In her The New Atlantis journal article, “The Age of Egocasting,” Christine Rosen criticizes the culture of personalization, where we focus only on our own interests and where we shelter ourselves from unwanted media. Addressing shifting trends in television and music, Rosen argues that technology such as TV remotes, DVRs, and MP3 players are having a dire effect on the entertainment industry. Tools that allow us to individually shape our own entertainment experience disrupt traditional business models of media producers. But she believes these technologies have a far worse consequence for consumers. By selecting what we want to see or hear, when and how we want, we are becoming increasingly narcissistic.
The remote control was the first personalized technology to alter media consumption when it became mainstream in the 1980s. At that time, cable television became ubiquitous and the remote control enabled viewers to easily and comfortably navigate the increasing number of channels they received. This led to “grazing,” a steady but laconic approach to consumption motivated by the constant search for something better. (Rosen, p. 55) As viewing habits changed, content creators had to adapt to viewing trends. To attract audiences, they used tools like opening their shows with spectacle, delaying opening credit sequences, and beginning programs right after one another without commercial breaks. Personally, I see these as positive changes in television production. The world is moving faster, so everyone needs to keep up or risk becoming irrelevant. Though, Rosen also suggests that the remote led to an unfortunate consequence. Programs now have very limited windows to find audiences before the networks cancel them. If NBC’s “Seinfeld” premiered today it would have likely been cancelled after four episodes, which would have been a great loss for millions of devoted fans. Early episodes struggled to find an audience and the production barely resembled the polished product of seasons three and on. I can only imagine the number of quality programs that have been lost due to a fickle, empowered audience.
The rise of the TiVo presented different problems for consumers. While people appreciate the freedom of the time-shifted viewing that TiVo allows, Rosen believes that we are becoming slaves to these machines. TiVo offers the unprecedented ability for people to skip commercials, fast forward or pause a show in progress, and watch programs whenever it’s convenient. According to Rosen, devoted DVR users believe the devices have vastly improved their lives and liken them to idols that should be worshipped. For these viewers, more control, more choice, and less time grazing equate to a better experience. However, Rosen cites several studies that concluded TiVo-equipped households watch 3-6 hours more TV a week than other households. The author contends that this increased TV consumption leads to lowered alertness, decreased attention spans, and heightened anxiety.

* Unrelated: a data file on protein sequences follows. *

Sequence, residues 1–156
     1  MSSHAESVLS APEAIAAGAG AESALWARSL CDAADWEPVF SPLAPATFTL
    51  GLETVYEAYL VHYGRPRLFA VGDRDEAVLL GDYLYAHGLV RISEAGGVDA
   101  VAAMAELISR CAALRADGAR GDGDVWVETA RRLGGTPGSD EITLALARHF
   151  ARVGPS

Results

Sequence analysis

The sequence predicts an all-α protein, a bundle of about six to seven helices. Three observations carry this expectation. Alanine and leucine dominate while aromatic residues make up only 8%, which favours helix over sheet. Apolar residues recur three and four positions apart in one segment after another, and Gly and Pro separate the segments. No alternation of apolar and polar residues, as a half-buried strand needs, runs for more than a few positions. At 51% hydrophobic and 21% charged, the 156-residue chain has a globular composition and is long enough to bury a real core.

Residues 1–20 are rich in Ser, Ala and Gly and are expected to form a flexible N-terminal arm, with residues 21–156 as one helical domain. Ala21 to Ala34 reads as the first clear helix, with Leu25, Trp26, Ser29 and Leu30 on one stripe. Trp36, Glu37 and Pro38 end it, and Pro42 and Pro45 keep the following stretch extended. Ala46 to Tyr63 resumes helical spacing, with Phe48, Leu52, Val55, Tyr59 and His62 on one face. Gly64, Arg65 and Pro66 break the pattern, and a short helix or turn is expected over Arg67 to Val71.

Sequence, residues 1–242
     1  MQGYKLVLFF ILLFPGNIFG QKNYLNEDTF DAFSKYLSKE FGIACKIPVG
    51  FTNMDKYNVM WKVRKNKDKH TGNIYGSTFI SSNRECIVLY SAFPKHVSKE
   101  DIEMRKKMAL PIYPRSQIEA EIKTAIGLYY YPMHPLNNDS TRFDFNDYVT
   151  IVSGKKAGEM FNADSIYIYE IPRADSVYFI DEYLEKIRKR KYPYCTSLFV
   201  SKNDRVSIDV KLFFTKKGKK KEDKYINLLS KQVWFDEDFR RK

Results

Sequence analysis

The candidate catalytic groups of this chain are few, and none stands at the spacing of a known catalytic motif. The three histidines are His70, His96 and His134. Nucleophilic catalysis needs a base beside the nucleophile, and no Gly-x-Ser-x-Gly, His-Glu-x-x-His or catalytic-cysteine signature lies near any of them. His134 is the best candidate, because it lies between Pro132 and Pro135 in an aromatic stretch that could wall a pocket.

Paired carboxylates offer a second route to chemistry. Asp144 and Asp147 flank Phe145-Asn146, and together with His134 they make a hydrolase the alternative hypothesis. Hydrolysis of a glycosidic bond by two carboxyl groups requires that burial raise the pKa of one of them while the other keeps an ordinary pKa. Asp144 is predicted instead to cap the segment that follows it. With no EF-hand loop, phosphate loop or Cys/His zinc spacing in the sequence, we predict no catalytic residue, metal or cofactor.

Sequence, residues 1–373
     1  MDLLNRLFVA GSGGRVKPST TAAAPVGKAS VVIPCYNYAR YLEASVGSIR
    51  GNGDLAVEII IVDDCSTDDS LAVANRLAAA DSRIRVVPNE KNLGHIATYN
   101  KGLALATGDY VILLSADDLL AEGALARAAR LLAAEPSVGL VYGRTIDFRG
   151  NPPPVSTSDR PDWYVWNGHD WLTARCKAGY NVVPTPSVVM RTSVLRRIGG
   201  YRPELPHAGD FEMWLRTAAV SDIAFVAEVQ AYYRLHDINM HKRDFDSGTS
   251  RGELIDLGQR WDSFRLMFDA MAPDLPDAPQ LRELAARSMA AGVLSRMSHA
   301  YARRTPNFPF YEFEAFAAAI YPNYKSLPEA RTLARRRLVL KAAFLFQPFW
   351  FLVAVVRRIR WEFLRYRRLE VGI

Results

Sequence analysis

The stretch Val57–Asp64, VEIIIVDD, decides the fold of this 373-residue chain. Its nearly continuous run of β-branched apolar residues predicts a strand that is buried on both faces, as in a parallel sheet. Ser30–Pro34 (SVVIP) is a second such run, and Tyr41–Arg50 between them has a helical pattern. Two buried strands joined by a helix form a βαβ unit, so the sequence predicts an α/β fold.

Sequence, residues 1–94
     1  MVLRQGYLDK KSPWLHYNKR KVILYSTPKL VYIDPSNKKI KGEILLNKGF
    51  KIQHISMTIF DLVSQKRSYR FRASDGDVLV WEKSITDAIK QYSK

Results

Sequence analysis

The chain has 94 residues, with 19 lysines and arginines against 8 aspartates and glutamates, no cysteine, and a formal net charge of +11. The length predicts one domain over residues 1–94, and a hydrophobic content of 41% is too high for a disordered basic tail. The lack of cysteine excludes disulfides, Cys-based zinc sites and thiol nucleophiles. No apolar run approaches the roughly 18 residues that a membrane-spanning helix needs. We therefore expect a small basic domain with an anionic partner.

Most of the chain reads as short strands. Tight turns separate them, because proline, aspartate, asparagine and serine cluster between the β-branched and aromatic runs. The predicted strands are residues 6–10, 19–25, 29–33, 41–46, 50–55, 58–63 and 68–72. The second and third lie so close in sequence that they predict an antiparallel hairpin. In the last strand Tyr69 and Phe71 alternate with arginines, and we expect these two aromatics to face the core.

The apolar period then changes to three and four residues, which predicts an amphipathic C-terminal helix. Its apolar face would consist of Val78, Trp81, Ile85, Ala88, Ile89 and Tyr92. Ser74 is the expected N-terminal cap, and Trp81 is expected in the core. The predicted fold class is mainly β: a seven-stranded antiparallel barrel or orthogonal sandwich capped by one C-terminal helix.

Switching focus to the recording industry, Rosen contends that the original Sony Walkman and the current industry leader, the iPod, have played a similar role to the DVR in how people consume music. People can easily listen to the music they want, when they want, and can live in “absent presence,” meaning one can be physically present yet isolated to the world around him/her because music is replacing environmental sounds. Citing research performed by Wired Magazine, Rosen notes that people are attached to their MP3 players because of the control they afford over music selection. More significant than TiVo’s impact in the living room, the personal MP3 player invades public space – disruption social interaction and creating a society of self-absorbed disconnect.
Furthering the idea of narcissism in how we consume is the creation of the media itself. A recent study reported in the New York Times conducted by researchers at the University of Kentucky concluded that the lyrics in popular music have become increasing self-centered. Studying lyrics from 1980 through 2007, psychologist Nathan DeWall identified a trend toward themes praising the individual rather than a group, or couple. As they hypothesized, the words “I” and “me” appear more frequently along with anger-related words, while there’s been a corresponding decline in “we” and “us” and the expression of positive emotions. (Tierney, 2011) Self-referential Songs like Justin Timberlake’s “I’m Bringing Sexy Back” and Beyonce’s “It’s Blazin’” have replaced songs about inclusion such as Paul McCartney and Stevie Wonder’s “Ebony and Ivory.”
Rosen’s concern over the negative impacts of personalization devices feels premature. There is no question that we have far more control over our media than we have in the past. But the author’s vision of dystopic country of self-serving individualists seems alarmist. Following Fidler’s model, the DVR and the MP3 player are still in a state of flux and penetration. We don’t know how we will use these technologies in the future or when they will be replaced by something new. For now, personalization technology is novel and growing.
How does entertainment on demand create a more narcissistic society?
How do you learn about new TV shows and music? How has this process changed since owning a DVR and MP3 player?
Is new “personalization technology” the best thing ever, or is it irreparably disrupting the quality of the entertainment we consume?
Fidler, R. (1997). Mediamorphosis: understanding new media. Thousand Oaks, CA: Pine Forge Press.
Rosen, C. (2005). The age of egocasting. The New Atlantis, 7, 51-72.
Tierney, John. (2011, April 26). A generation’s vanity, heard through lyrics. The New York Times, p. D1.